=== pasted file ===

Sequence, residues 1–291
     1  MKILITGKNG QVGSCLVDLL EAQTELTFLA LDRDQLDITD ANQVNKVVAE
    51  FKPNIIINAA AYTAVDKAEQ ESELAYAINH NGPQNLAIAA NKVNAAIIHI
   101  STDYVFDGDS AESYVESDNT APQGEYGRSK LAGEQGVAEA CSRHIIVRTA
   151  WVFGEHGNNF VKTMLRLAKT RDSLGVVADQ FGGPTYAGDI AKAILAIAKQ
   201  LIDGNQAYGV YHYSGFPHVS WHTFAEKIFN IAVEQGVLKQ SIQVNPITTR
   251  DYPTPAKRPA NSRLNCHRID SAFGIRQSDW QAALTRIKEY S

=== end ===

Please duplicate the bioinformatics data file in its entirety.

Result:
Sequence, residues 1–291
     1  MKILITGKNG QVGSCLVDLL EAQTELTFLA LDRDQLDITD ANQVNKVVAE
    51  FKPNIIINAA AYTAVDKAEQ ESELAYAINH NGPQNLAIAA NKVNAAIIHI
   101  STDYVFDGDS AESYVESDNT APQGEYGRSK LAGEQGVAEA CSRHIIVRTA
   151  WVFGEHGNNF VKTMLRLAKT RDSLGVVADQ FGGPTYAGDI AKAILAIAKQ
   201  LIDGNQAYGV YHYSGFPHVS WHTFAEKIFN IAVEQGVLKQ SIQVNPITTR
   251  DYPTPAKRPA NSRLNCHRID SAFGIRQSDW QAALTRIKEY S